Parents who fight in front of their children risk damage to the child’s ability to recognise emotion, a new study suggests.
Researchers from New York University (NYU) found that such children would also struggle to control their own emotions. Lengthy periods of poverty during early childhood could also have a detrimental effect on their emotional development.
The study, which was published in the academic journal Development and Psychopathology, analysed 1,025 children and their families. The subjects were from two geographical areas with high poverty rates: eastern North Carolina and central Pennsylvania.
Assessments were made from a series of home visits when the children were between two and 58 months old. Additional information was gathered through parent questionnaires and tasks set for parents and children.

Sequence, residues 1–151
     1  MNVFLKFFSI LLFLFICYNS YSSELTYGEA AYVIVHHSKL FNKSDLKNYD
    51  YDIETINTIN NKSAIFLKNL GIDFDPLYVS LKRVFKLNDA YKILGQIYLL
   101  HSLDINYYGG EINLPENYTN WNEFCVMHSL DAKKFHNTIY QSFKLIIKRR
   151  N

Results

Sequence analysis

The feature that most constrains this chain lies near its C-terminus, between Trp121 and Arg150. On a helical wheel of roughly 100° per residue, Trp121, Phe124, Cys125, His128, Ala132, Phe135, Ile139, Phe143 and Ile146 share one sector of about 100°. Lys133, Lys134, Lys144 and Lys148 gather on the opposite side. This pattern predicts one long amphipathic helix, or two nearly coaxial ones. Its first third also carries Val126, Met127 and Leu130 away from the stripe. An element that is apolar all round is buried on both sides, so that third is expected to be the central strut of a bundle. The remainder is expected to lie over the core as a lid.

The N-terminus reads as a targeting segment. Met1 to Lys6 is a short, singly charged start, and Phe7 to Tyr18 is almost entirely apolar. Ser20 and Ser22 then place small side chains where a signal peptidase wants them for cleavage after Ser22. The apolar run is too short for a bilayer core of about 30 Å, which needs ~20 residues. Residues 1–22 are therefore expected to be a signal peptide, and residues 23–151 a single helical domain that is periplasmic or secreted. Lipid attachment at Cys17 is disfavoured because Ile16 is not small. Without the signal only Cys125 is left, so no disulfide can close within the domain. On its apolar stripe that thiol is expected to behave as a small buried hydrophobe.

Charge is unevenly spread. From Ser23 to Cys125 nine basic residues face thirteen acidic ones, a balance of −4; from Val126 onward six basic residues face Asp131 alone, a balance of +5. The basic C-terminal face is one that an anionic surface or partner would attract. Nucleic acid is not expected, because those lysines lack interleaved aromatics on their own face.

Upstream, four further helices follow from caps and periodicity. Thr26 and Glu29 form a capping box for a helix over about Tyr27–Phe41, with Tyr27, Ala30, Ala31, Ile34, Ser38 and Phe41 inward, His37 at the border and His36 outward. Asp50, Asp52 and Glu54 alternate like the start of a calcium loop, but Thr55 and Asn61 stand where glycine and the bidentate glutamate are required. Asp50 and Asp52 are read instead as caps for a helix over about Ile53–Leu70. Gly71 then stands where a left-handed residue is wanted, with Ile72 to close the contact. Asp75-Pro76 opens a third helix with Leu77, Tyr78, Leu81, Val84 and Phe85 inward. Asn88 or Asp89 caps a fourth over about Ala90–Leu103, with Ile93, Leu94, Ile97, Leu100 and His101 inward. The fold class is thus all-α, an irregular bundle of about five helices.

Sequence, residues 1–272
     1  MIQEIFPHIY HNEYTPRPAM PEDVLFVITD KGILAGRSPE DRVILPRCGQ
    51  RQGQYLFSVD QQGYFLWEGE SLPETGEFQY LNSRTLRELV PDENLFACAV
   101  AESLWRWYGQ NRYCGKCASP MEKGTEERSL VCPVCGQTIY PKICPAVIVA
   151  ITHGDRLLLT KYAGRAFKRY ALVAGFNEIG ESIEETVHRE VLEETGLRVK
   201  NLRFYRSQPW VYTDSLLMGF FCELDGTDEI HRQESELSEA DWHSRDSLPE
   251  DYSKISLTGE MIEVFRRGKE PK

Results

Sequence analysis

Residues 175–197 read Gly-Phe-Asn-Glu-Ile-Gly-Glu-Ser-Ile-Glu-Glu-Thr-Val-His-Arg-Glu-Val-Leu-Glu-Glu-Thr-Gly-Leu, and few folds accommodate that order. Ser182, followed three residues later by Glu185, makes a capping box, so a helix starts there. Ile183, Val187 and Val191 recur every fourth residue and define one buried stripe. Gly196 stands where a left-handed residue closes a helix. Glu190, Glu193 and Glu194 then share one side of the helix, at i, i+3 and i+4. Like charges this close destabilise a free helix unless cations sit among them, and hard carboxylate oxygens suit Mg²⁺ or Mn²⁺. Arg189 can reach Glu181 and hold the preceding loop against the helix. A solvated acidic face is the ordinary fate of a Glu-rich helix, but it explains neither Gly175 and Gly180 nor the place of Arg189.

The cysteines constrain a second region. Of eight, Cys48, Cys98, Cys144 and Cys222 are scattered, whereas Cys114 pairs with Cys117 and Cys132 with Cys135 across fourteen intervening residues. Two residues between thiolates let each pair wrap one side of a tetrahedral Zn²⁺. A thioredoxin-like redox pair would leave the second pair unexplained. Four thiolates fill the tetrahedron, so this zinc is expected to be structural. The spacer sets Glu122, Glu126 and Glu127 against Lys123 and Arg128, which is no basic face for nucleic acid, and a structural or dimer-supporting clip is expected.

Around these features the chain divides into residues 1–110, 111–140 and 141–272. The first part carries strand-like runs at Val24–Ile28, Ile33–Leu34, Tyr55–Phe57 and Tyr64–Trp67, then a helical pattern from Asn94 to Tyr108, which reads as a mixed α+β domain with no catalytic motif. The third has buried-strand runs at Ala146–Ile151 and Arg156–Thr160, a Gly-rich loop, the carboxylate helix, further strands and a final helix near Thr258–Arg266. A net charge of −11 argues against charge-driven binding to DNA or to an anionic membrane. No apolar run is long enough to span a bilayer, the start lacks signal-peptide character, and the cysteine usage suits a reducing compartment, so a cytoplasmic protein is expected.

After children reached 58 months, they were given a series of tests to find out how well they could recognise and identify different emotions.
Researchers found that the level of aggression in the household “significantly predicted” the ability of a child to correctly identify emotions when tested. They also found that children who experienced more aggression at home were more likely to develop anxiety and depression due to an inability to regulate feelings of sadness and fear.
C. Cybele Raver, a professor at NYU Steinhardt and the study’s lead author, said the findings suggested that “aggression between parents may powerfully shape children’s emotional adjustment”.
She added that while fighting and arguing were “psychologically stressful” for the parents, the study “demonstrates the costs of that conflict for children in the household as well”.
The study adds to the growing range of data looking at the effect that parents have on their children. This would seem to back up the argument that, for some parents, getting a divorce is better for children than staying together and constantly fighting. In August, Prime Minister David Cameron supported this idea in a speech at a Relationships Alliance event. However, a study published in September suggested that even a friendly divorce can be equally damaging to children.